State v. Tasker – Firearm Enhancement

06 Jul State v. Tasker – Firearm Enhancement

Division 3 of the Court of Appeals was presented with the issue of whether, in order to support a firearm enhancement, the State must prove that the firearm was operable at the time of the crime. In this case the firearm was never fired in front of the victim and was never recovered. This issue has been addressed in both Division 1 and Division 2 in the past, with different outcomes. Division 2 has found there must be evidence to prove the firearm was operable while Division 1 focused on whether there was sufficient evidence to prove there was a “real firearm.” Ultimately the Tasker court chose to follow the reasoning outlined under Division 2.

The court had to address a prior WA Supreme Court case that appeared to reach a different conclusion. The WA Supreme Court case Recuenco stated that “in order to prove a firearm enhancement, the State must introduce facts upon which the jury could find beyond a reasonable doubt the weapon in question falls under the definition of ‘firearm’: ‘a weapon or device from which a projectile may be fired by an explosive such as gunpowder.’” State v. Recuenco, 163 Wn.2d at 437. The Tasker court discussed this statement but ultimately found the statements to be nonbinding dicta.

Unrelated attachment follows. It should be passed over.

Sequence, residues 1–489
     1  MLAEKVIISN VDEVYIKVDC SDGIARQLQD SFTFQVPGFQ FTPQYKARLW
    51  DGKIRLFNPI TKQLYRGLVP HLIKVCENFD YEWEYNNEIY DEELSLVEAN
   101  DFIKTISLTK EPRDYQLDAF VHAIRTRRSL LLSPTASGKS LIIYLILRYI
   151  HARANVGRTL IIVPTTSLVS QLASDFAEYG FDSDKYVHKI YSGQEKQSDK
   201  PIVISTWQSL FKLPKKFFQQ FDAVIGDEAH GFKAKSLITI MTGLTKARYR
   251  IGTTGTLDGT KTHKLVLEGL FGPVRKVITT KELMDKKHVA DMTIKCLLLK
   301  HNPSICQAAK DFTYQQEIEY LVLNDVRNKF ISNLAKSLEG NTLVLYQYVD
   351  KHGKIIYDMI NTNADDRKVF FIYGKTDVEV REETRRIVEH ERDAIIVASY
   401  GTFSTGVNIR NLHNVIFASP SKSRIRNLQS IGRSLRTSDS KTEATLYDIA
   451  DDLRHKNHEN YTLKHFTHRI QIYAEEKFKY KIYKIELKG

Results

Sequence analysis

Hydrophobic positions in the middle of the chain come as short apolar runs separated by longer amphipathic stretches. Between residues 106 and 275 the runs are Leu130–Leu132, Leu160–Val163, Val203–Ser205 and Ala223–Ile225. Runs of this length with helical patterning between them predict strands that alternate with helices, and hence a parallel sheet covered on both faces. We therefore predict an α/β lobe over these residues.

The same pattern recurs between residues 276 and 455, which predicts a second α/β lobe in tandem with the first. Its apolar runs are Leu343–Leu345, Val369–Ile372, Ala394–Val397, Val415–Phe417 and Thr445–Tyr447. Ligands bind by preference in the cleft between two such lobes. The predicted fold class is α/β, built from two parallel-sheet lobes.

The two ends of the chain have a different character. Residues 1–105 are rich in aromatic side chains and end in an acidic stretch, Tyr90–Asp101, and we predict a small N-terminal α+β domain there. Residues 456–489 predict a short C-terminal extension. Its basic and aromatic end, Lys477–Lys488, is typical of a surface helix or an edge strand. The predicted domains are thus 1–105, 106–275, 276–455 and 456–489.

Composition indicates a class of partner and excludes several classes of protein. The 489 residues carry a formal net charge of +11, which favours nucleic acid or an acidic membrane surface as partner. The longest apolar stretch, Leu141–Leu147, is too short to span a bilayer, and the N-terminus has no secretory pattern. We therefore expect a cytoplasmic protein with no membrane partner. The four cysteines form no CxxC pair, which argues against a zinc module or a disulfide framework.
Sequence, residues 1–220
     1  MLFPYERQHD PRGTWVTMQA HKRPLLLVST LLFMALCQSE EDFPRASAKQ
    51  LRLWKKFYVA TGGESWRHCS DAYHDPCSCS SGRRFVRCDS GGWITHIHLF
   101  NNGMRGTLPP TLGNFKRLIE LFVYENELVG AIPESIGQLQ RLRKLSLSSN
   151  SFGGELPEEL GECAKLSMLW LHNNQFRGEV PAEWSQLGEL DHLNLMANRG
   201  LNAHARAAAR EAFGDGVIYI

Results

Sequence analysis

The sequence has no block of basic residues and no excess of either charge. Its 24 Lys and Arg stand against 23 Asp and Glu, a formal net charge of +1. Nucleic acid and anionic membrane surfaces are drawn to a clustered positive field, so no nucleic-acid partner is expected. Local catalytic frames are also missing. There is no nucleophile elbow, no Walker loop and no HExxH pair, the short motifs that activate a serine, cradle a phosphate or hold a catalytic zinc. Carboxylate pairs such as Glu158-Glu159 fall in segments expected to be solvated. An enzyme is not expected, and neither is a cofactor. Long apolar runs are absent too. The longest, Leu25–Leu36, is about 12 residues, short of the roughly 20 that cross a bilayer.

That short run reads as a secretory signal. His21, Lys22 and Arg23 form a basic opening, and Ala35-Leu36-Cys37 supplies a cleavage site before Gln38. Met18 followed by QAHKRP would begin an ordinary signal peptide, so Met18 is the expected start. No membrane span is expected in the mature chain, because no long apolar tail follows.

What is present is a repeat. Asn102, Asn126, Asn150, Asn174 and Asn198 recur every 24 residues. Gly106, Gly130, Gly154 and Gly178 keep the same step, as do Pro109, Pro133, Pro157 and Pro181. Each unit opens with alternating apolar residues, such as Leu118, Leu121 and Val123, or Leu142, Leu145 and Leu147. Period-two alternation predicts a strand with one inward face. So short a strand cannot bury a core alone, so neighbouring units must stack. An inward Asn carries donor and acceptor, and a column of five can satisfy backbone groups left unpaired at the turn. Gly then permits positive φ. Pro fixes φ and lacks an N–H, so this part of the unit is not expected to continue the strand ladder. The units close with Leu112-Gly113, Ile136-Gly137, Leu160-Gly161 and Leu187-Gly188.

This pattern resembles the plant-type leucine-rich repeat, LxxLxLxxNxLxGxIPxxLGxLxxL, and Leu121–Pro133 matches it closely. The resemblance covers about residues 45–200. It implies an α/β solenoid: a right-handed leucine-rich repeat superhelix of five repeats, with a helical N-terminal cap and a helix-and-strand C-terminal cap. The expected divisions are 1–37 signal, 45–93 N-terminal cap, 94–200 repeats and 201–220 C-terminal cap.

Ultimately the court held that for the firearm to qualify under the enhancement, a device must be capable of being fired, either instantly or with reasonable effort and within reasonable time. Evidence that a device appears to be a real gun and is being wielded in committing a crime is sufficient circumstantial evidence that it is a firearm.

The reality of this outcome is that there now appears to be split between the Divisions as to the appropriate standard and it is likely a matter that will have to be ultimately readdressed by the State Supreme Court to make a final decision.